On April 10th, the EE department is hosting our first Emerging Trends seminar. Meant to bring together the diverse areas of EE around a single topic and encourage collaboration, the first seminar features Professor Jay Kuo, who will speak about neural networks and deep learning. To highlight neural networks, we’ll be running three blogs this week by different department community members.
In this third blog, EE undergraduate senior and Stamps Leadership Scholar, Eric Deng shares how machine learning turns data into wisdom and what that means for predicting what people will do next.
By Eric Deng
Machine learning is one of the hottest tech fields today, and deservingly so – the applications of machine learning, when implemented properly and effectively, are boundless. Already used heavily in areas like computer vision and pattern recognition, new advancements are getting the technology closer than ever to predicting the behavior of the most unpredictable of subjects – humans.
First, a quick overview about how machine learning takes in, interprets, and applies data:
Data used as input for these machine learning problems is often classified into two categories: labeled and unlabeled. When it comes to representation of knowledge in computational systems, content can be broken down into four levels of complexity–(1) Data, (2) Information, (3) Knowledge, and (4) Wisdom. The difference between these varying levels of knowledge representation is the amount of interpretation that has been done to the content. The main difference in these two types of data is how much your input data has been pre-interpreted. Unlabeled datasets, in the context of the “pyramid” structure of information, falls into the “Data” classification while labeled dataset can be any one of the other three categories although almost always labeled data sets fall into the “Information” category. This is all fine, except that what your application really desires is knowledge and/or wisdom.
One of the most difficult parts of machine learning problems is feature selection, the process of selecting the set of features in a dataset that is most effective in representing characteristics of the data set that one is interested in. Even in cases where you have access to information, translating that information to knowledge and wisdom is not an easy task. Which bits of information are important? How important are they relative to other information? Does a piece of information’s value change in different contexts? There are a number of manual feature selection approaches that people traditionally use but as data gets more and more complex and massive, these approaches become less and less feasible to implement.
As a researcher and engineer, I am very interested in human-centered applications of technology. This includes personalized learning, healthcare, and even entertainment. The feature selection problem is especially difficult when it comes to humans. There are tremendous amounts of data that can be collected (,i.e. Bio-signals, physical movement, speech, gaze behaviors) and analyzed. And in each application the information that you want to extract from the many data inputs are different and the feature selection process needs to start from scratch.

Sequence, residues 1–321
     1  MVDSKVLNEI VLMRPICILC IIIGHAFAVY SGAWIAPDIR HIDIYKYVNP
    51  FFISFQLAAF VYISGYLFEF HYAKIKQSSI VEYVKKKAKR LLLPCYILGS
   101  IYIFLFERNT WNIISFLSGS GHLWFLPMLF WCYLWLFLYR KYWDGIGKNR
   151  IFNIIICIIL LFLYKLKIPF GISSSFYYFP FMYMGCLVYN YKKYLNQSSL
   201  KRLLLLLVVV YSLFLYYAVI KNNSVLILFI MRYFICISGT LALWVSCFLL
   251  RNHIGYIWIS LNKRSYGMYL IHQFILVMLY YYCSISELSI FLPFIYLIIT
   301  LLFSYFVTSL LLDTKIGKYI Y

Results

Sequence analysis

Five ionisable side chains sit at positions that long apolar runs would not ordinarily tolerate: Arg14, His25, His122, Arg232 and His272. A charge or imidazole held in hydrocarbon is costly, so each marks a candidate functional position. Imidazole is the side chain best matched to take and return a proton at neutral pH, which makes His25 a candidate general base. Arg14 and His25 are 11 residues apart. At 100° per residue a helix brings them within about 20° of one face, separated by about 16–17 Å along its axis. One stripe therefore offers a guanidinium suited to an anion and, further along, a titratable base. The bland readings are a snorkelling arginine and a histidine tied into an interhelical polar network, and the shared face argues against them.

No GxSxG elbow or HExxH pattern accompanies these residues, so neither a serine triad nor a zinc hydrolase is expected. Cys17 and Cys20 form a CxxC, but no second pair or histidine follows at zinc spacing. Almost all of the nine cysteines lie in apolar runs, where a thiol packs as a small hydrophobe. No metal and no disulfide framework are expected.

Deep learning approaches have demonstrated fascinating results in this space. Feature learning allows for systems to automatically determine features given a large data set and then, using more high-level information of the data, systems can help with determining which features are important through experimentation.
As I mentioned above, deep learning has shown lots of promise is predicting human behavior. Humans are inherently probabilistic beings in that, even given all contextual knowledge, it is theoretically still impossible to predict what we’ll do next. As an undergrad in college, I’ve witnessed this phenomenon firsthand.
But by “watching” human behavior, deep learning systems have been able to predict our next move in constrained situations. Two examples of this are the Predictive Vision system from MIT that can predict whether two people will hug, kiss, or high-five by watching television shows and the Brains4Cars project that predicts driver behavior based on cameras and wearables.
Deep learning has already been shown to be highly effective in many fields. As it’s being adapted to be used as tools in many other fields, I’m very excited to see what the technology can do in allowing us to build more adaptive and effective systems for human users.
Eric Deng is a junior in the Ming Hsieh Department of Electrical Engineering and a Progressive Degree Program student in Product Development in the Aerospace and Mechanical Engineering. Eric spent his last two summers as an intern at Facebook and is currently a research assistant in Prof. Maja Mataric’s Interaction Lab.
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